It’s difficult to predict the outcome of 2021 polls

Edgar Lungu (C, in black suit), leader of the Patriotic Front party (PF), dances before addressing his supporters during a rally ahead of Thursday’s presidential elections in the capital, Lusaka, Zambia August 10, 2016. REUTERS/Jean Serge Mandela

It’s interesting to read and listen to the Patriotic Front, UPND and Socialist Party argue about the likely outcome of next year’s elections.

The truth is next year’s elections are increasingly becoming difficult to predict. There are a number of factors making this difficult to predict.

From 2001 to 2011 we had more than two serious contenders. In 2006, 2008 and 2011 we had MMD, PF and UPND. In 2006 MMD was on top, PF second and UPND third. In 2008 MMD was first, PF second and UPND third. In 2011 PF won, MMD was in second position and UPND came third. After the 2011 elections, MMD ‘disintegrated’ and we remained with literally two parties – PF and UPND. The 2015 and 2016 elections were won by PF with UPND coming second.

We don’t think the situation will be the same next year. We are likely to have more than two serious contenders for next year’s elections. And this complicates things. It makes it difficult to predict the likely outcome. We may even go to a rerun.

And this is compounded by regional voting patterns that became very well pronounced in the 2016 election results. It’s difficult to predict how these regional voting patterns will hold in light of new contenders. Although the new contenders have not participated in elections before, it will be naive to simply dismiss them as non-factors. Some of them have been doing very serious political mobilisation work that cannot be ignored. We have examples of new parties that performed exceptionally well in the past. MMD won elections within nine months of being formed. UPND performed very good within three years of being formed. The Patriotic Front completely and irreversibly overtook UPND, an older party, in 2006. So, prudence shows us that the new political parties like the Socialist Party, among others, cannot be excluded from the race or list of serious contenders.

And senior chief Mujimanzovu of the Kaonde speaking people in Solwezi is right when he says the 2021 general elections will be a test for the country.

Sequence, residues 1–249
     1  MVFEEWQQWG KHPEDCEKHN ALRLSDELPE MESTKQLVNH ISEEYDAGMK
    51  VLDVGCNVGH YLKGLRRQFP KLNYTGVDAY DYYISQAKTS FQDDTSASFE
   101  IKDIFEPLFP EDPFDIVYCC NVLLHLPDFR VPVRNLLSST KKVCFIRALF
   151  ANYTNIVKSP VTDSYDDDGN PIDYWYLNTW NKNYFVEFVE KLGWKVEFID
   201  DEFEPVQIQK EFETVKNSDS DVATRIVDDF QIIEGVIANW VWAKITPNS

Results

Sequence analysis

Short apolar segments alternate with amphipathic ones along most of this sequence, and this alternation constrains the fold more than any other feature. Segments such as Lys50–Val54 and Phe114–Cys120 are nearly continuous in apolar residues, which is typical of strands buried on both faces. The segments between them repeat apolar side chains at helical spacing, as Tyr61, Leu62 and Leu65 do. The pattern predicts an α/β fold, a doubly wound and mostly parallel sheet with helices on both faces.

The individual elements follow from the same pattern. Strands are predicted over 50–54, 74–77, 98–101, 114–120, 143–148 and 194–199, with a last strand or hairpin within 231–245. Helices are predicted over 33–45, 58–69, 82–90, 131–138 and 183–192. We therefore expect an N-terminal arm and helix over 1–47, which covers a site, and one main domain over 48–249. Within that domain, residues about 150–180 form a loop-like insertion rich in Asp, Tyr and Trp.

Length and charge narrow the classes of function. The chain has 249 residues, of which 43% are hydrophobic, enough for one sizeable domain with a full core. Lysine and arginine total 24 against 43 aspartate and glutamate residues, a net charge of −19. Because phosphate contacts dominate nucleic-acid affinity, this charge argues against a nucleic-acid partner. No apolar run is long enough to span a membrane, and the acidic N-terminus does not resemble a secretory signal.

“Yes, next year we are going for elections. This 2021, is a year for test for the country. But we need to maintain peace. We can’t force leadership on the people. People will make their decisions based on what they are going through,” says Mujimanzovu. “Now for me, I will welcome anyone who comes here. Politics is about ideas. It is not to intimidate each other. You need to sell your ideas to the people. So if people believe in you then you will have them. If people have not seen anything then how do you expect them to vote for you? Just sell your ideas and people will decide. My chiefdom will embrace everyone – there is no segregation here. This is a public road and we can’t choose who should travel on this road. I receive you as my subject. I want to see all of you have the freedom to move around and interact with the people in a free manner. Whoever wins then he becomes our President. Let us try to restrain from using our children to fight and insult each other. Let us embrace each other. Love one another because we are all Zambians. As we differ, let us not fight. We want a Zambia that is well for us all to live in. As you aspire for higher office, put the interest of the people first. We need to conduct decent politics. We don’t have to bring politics of dividing the people. Stop it.”

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